of the American Indian
3001 Central Street
Evanston, IL 60201
Museum Events February 2017
Alternating Thursdays 6:00 - 7:45 PM
Contact Museum for details
Friday, February 3, 10:00 AM - 5:00 PM
Free General Admission Day
February Weekend Arts Activities:
Boat Crafts & Regional Water Vessels
Every Saturday from 11:00 am - Noon and Sunday 12:30 pm - 1:30 pm
This month we will focus on water transportation and the different water vessels that were and are used by Native peoples across the U.S. and Canada.
For all Ages. Free with General Admission.
Crafts: Birch Bark Canoe, Dugout Canoe, Kayak, and Bullboat
Environmental Resource Panel & Reception featuring Arlinda Locklear and Heather Kendall-Miller
Thursday, February 23, 2017
6:00 p.m. - 8:00 p.m.
Members: $10 Non-members: $15 Tribal Members: Free
Native Americans, in addition to all people, face a number of environmental concerns. From the Dakota Access Pipeline to the expansion of crude oil shipping in Gray’s Harbor Washington to uranium mining in Arizona, there seems to be no limit to environmental strife and its effect on Native peoples, their land, and wildlife. Both Locklear and Kendall-Miller have been instrumental in protecting tribal rights to land and water as well as protecting the environment at large. Both women have been the part of landmark cases instrumental in protecting the environment, most won through enforcement of treaty rights, and bringing greater accountability to protect the tribes. Two such cases were the historic Katie John litigation ensuring subsistence hunting and fishing rights for Alaska Natives and the Fort McDowell Yavapai Nation in Arizona winning a successful settlement of the tribal nation’s water rights.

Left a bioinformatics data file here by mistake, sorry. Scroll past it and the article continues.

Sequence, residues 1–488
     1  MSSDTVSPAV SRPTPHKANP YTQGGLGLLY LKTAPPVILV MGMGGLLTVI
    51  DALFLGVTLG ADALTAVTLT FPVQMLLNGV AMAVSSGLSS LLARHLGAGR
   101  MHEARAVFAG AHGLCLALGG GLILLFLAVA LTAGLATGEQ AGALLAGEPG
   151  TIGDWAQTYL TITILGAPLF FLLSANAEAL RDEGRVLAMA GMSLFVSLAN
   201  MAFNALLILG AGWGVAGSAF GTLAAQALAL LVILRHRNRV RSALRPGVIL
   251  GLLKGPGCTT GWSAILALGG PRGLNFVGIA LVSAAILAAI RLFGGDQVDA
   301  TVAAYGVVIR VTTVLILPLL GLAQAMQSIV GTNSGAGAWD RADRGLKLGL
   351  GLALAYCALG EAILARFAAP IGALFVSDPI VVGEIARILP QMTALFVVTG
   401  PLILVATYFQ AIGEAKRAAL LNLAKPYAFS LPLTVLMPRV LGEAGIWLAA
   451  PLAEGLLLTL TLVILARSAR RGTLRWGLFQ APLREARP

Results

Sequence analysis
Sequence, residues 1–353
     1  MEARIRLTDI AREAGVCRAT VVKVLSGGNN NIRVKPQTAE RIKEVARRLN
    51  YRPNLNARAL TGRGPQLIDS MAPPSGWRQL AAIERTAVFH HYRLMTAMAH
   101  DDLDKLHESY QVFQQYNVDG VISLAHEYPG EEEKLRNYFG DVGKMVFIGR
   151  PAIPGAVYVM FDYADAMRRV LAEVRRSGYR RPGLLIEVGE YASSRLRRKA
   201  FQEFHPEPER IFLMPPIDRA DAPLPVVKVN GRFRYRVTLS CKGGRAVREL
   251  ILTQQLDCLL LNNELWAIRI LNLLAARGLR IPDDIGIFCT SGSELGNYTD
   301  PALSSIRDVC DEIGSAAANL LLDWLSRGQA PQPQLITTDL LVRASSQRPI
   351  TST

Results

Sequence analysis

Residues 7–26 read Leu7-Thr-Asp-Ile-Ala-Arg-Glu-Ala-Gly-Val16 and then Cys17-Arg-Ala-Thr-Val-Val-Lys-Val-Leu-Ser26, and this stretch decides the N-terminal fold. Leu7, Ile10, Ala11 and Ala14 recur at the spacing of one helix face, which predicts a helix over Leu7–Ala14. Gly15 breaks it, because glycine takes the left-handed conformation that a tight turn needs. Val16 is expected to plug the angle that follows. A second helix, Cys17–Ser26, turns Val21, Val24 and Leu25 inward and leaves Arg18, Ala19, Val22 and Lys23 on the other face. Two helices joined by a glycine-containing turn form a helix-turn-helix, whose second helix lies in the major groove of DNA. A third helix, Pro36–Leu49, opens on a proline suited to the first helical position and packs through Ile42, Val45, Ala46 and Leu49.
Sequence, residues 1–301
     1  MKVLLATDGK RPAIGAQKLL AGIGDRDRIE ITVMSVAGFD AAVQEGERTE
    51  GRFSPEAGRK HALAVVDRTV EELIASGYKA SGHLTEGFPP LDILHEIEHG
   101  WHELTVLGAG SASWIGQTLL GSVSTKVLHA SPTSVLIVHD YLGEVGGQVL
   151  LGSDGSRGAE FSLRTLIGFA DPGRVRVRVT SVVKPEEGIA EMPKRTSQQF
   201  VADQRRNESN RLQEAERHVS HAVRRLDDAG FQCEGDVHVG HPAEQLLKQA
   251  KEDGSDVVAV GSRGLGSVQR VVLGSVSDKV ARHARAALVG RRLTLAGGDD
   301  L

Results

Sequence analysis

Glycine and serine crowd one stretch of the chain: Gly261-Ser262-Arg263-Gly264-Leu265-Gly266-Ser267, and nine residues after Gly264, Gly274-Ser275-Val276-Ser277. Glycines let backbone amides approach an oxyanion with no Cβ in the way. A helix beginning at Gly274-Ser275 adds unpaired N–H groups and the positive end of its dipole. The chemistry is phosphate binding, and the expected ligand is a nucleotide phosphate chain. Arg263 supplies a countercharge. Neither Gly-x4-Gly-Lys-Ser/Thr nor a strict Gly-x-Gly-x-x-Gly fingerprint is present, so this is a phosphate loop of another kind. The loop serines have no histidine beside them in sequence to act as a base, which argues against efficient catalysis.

About Arlinda Locklear
After graduating from Duke University School of Law in 1976, Arlinda Locklear began working as an attorney for the Native American Rights Fund (NARF). Lead counsel in two Supreme Court victories, she has expertise in federal Indian law encompassing a range of complex issues. Locklear has represented tribal nations on treaty rights, land claims, water rights, tax matters, jurisdiction disputes, and other vital matters. Her legal work include providing representation to the state-recognized Lumbee Tribe of North Carolina for over twenty years of its ongoing struggle to become federally recognized.
About Heather Kendall-Miller
Attorney Heather Kendall-Miller’s work includes high profile cases involving tribal sovereignty, child welfare, language preservation, hunting and fishing rights, climate change, and voting rights. The first Alaska Native to graduate from Harvard Law School, she was instrumental in winning the historic Katie John litigation in 2001.
Kendall-Miller also became the first Alaska Native attorney to appear before U.S. Supreme Court representing the Native Village of Venetie for its “Indian Country” status to be upheld under federal law.
HOURS & ADMISSION
Tuesday – Saturday:
10am – 5pm
Thursday: 10am – 8pm
Sunday: 12pm – 4pm
Children, students, teachers,
Mitchell Members: FREE
Tribal Members: FREE
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